During the 1800's utilization of the estuary and its watershed continued to increase. Regions of the watershed were cleared for agricultural land and the Grist Mill at Marstons Mills continued operations past 1842. Land clearing was accelerated by the development of salt works on the shores of the Bay which used fire to fuel evaporation for salt production. This activity peaked in 1812 and then declined. Direct use of marine resources focused on oyster production, where oysters were initially pickled and shipped in barrels to market. In these earlier centuries, as today, oysters were cultured on the Bays' bottom. One of the first growers, Captain George Fisher who was granted a large section of Cotuit Bay, shipped oysters to widespread U.S. markets. With the demand for oysters, the natural beds surrounding Grand Island became depleted and spat were imported from Long Island for grow out. However, at least for awhile, seed could be collected at the mouth of nearby Popponesset Bay on deployed scallop shells to supply the grow out needs. During this period, scallops were harvested within Three Bays in quantity and even at the turn of the century scallops represented a major economic resource. This record of substantial scallop harvest indicates that eelgrass beds were likely prevalent throughout the Bays. This suggests that the water was clearer (greater transparency due to less phytoplankton), hence less nutrient loading from the watershed was occurring. During this period the population was still small, for example there were only 36 homes in Santuit, Little River and Cotuit combined. Throughout the 1800's the residents relied heavily on their coastal resources as salt making, oyster production, fishing, farming, ship-building and coastal trading were the dominant activities.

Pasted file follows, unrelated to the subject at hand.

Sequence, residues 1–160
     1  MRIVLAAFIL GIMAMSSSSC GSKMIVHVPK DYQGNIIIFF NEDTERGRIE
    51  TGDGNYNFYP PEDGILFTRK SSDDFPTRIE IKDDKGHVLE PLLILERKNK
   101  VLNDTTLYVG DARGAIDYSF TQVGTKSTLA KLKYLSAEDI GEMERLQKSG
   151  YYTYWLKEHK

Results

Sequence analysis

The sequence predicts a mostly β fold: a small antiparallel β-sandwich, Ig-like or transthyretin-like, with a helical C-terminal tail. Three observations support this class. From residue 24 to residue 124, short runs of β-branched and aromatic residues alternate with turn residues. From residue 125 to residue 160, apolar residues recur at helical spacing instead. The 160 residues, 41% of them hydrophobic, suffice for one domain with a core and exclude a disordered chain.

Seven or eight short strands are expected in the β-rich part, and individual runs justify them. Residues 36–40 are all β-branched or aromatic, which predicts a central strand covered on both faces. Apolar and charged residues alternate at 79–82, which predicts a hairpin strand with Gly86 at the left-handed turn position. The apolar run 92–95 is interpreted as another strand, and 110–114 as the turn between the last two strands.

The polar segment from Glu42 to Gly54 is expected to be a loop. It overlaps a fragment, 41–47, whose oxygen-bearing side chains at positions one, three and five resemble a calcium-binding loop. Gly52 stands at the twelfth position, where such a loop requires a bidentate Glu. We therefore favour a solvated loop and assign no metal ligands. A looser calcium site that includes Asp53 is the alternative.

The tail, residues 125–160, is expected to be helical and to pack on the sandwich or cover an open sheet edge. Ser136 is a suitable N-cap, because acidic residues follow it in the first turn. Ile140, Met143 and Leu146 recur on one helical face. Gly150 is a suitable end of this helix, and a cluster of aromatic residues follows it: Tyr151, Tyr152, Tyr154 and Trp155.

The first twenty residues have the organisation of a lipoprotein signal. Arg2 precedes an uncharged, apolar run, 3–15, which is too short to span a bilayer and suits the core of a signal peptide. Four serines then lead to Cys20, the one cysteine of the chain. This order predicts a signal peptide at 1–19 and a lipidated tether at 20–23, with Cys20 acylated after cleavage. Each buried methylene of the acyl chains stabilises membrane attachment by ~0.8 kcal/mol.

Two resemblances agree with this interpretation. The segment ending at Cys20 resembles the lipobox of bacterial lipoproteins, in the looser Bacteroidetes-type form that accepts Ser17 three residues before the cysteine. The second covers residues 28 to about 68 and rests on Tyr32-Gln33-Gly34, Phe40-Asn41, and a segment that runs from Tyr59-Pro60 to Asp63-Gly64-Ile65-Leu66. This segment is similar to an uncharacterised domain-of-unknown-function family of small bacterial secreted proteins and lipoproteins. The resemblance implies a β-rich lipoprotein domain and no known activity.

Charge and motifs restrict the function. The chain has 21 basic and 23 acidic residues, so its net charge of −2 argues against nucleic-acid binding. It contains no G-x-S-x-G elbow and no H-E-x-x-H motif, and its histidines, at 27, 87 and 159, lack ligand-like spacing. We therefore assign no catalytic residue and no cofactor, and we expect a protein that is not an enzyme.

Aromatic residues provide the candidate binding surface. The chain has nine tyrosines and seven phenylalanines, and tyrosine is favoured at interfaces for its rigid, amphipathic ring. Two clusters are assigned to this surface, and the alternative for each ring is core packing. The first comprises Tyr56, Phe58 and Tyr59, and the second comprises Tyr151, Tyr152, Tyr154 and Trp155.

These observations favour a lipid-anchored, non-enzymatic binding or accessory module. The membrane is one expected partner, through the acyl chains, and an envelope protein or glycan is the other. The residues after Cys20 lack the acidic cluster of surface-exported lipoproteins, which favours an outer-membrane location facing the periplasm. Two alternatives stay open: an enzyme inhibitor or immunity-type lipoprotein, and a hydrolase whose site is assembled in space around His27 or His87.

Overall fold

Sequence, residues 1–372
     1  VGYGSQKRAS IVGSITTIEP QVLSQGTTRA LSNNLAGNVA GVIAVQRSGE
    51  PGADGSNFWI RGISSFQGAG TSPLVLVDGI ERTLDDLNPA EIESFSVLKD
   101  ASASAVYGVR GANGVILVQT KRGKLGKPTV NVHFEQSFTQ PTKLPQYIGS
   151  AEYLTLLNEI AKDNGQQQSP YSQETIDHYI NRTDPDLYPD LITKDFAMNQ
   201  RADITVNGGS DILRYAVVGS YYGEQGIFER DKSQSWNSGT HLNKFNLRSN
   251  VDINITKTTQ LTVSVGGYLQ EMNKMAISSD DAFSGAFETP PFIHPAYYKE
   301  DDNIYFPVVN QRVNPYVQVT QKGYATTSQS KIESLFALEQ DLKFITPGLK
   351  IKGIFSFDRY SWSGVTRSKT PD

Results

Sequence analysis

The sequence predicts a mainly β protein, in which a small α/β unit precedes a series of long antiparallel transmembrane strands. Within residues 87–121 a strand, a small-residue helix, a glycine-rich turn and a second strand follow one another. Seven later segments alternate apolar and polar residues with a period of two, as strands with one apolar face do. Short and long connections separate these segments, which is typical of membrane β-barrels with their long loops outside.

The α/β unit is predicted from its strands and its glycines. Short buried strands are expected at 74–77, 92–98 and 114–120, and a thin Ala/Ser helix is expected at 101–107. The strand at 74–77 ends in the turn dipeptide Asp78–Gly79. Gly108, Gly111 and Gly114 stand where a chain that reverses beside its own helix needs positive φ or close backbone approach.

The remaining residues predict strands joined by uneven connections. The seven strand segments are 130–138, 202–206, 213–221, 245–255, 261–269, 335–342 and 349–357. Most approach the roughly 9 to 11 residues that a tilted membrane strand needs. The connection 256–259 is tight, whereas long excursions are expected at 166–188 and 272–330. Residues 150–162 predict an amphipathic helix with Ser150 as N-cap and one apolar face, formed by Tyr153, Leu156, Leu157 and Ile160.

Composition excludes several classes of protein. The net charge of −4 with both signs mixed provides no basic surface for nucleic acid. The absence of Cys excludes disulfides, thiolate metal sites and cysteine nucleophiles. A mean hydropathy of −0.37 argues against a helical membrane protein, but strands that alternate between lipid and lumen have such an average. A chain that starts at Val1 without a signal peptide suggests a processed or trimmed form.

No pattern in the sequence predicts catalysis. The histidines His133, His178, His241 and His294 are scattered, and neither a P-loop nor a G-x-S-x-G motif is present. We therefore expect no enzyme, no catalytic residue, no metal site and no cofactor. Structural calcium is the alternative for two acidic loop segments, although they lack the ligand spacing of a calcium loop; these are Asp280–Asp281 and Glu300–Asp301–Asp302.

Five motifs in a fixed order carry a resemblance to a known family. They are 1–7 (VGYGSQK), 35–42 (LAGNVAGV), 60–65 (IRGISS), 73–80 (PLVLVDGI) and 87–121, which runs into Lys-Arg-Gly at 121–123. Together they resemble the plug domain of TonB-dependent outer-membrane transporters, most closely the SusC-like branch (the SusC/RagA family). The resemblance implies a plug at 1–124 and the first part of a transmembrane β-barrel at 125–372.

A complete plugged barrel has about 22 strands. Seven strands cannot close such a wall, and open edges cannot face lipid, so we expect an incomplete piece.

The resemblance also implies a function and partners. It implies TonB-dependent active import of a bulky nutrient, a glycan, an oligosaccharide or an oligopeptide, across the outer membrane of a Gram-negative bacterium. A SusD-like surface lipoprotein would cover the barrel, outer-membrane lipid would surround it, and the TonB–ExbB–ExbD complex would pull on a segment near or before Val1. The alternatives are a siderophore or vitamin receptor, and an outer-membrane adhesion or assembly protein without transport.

By far the greatest changes to the Three Bays watershed and estuary have occurred during the 1900's. The most obvious change has been the dramatic shift in land-use to residential housing during the last half of the 1900's. With this shift and the advent of fertilized lawns, has been a dramatic increase in the amount of plant nutrients (primarily nitrogen) which enter the Bays. It is this recent nutrient load which is responsible for incipient declines in environmental health of portions of the estuary. However, there were likely pulses of nutrients to the system during the 1940's associated with the military training areas within the Bays. The barracks, warehouses and storage tanks would result in a "new" source of nitrogen loading and the paving of the beach from Baxter's Neck to Point Isabella may have also increased bacterial contamination in the adjacent waters.